SPRINGFIELD — Bay Path University’s annual Women’s Leadership Conference has garnered a reputation as the premier event of the spring at the MassMutual Center, with big-name guest speakers like actress Rita Moreno and journalist Barbara Walters and plenty of opportunities for women to network.
This year, due to the coronavirus pandemic, the university canceled the conference, which was set to feature entertainment and beauty icon Tyra Banks.
Initially Bay Path planned for a virtual conference in 2021. But on Wednesday the school announced it will instead hold out for an in-person conference in 2022.
“We looked at possible virtual platforms to hold the conference, but we felt that, given the energy that is felt in the room on that day and the networking that happens, that it was just not going to be a comparable experience,” said Caron Hobin, vice president of strategic alliances, who has produced the conference since its inception 24 years ago.
Hobin said planners were also realistic about the amount of screen time people are enduring for work and social gatherings since the pandemic began.
“We realize, from our own experiences attending Zoom meetings and digital forums, that screen fatigue is real,” she said. “In order to truly create a day that would meet the high standards that we — and our attendees — have come to expect, we feel that waiting it out to create a great in-person experience is the right way to go.”
Bay Path University President Sandra J. Doran said the school was excited about the possibility offering a virtual conference, but feedback from the community made it clear that was not the best option.
“Knowing how important this was to our community we did some small focus groups with supporters, with sponsors, with attendees to tell us why the conference is important to them and whether they thought we could satisfy that purpose if we held it virtually,” she said. “Universally people came back and said no. The value of this conference is the relationships we build, the conversations we have around our table, and that’s something we cannot provide virtually.”
Doran said the opportunity to network, connect, learn and grow happened in an organic way when people came together in one space. The annual conference brings more than 2,000 attendees to downtown Springfield for a day of speakers and workshop sessions devoted to professional development and personal goals.
Mary Kay Wydra, president of the Greater Springfield Convention & Visitors Bureau, said the annual event is a boost for small business owners who sell their goods during the conference, as well as for the local economy as a whole.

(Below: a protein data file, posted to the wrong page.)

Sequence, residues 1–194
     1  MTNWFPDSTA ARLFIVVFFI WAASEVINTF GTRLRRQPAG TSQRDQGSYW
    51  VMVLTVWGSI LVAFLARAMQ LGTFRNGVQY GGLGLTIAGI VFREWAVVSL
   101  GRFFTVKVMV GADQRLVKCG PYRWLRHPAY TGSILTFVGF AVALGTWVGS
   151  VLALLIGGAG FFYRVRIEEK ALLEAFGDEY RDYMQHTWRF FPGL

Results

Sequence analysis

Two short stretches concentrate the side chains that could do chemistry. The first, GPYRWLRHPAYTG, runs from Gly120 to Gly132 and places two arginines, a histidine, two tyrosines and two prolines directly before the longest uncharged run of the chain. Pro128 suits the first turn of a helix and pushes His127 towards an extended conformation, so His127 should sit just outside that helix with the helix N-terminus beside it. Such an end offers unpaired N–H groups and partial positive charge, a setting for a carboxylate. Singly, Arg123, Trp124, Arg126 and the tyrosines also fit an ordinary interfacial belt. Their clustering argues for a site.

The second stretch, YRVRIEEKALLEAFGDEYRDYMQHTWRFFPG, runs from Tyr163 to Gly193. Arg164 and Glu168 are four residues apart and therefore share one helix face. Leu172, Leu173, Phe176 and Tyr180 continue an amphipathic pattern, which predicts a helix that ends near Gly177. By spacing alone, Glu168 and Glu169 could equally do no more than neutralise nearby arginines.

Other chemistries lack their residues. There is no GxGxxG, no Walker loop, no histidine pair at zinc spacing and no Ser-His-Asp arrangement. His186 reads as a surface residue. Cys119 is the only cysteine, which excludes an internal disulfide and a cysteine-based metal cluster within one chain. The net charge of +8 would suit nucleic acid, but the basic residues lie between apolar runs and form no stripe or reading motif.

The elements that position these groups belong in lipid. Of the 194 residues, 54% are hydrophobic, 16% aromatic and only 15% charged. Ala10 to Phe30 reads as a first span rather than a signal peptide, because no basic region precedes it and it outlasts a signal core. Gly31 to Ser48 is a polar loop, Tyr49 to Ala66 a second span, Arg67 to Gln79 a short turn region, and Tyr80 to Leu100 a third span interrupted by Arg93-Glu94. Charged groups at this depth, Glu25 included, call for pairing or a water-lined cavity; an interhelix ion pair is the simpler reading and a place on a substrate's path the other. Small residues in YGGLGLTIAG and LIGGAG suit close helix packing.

“That event comes in at $200,000 in terms of impact because it is mostly a local draw, and it’s a one-day event, but you do get people who will stay in the downtown area and grab dinner after the conference,” she said.
Wydra said the value of the conference is in the exposure it provides for the MassMutual Center and downtown.
“They have been super successful in getting some really prestigious people to attend, and it’s bringing in business leaders throughout the region who are exposed to the MassMutual Center, and many of those people are involved with groups that convene,” Wydra said. “So the exposure in terms of what the building can offer in hosting an event, that will certainly be missed this year.”
Wydra said this is one of many annual events being canceled this year and next.
“We track loss of business, and we are at 158 group gatherings or events in Western Massachusetts that have been canceled, and that’s a $95 million impact on the region,” she said. “From gymnastics events to meetings and conventions have been canceled, and those are just the larger ones that we know about. I’m sure there are more.”
Hobin and Doran hope that, with an extended timeline, social media and digital forums will serve as virtual hubs to generate conversations and share thoughts and information that will carry over to the 2022 conference. The university will continue to offer smaller virtual experiences for students and the community.
During Hispanic Heritage Month in October, the university hosted a virtual conversation with Selenis Leyva, star of Netflix’s “Orange is the New Black.” More than 400 people from across the country participated in the free event.
“It was a phenomenal conversation, she was absolutely fantastic, and we are looking to create more of those opportunities in the spring,” Doran said. “That kind of presentation is perfectly conducive to Zoom. That really is the power of this modality, that you don’t have to fly across the country and sit in the same room. That you can participate and learn and develop virtually, and we want to offer that to the community as well.”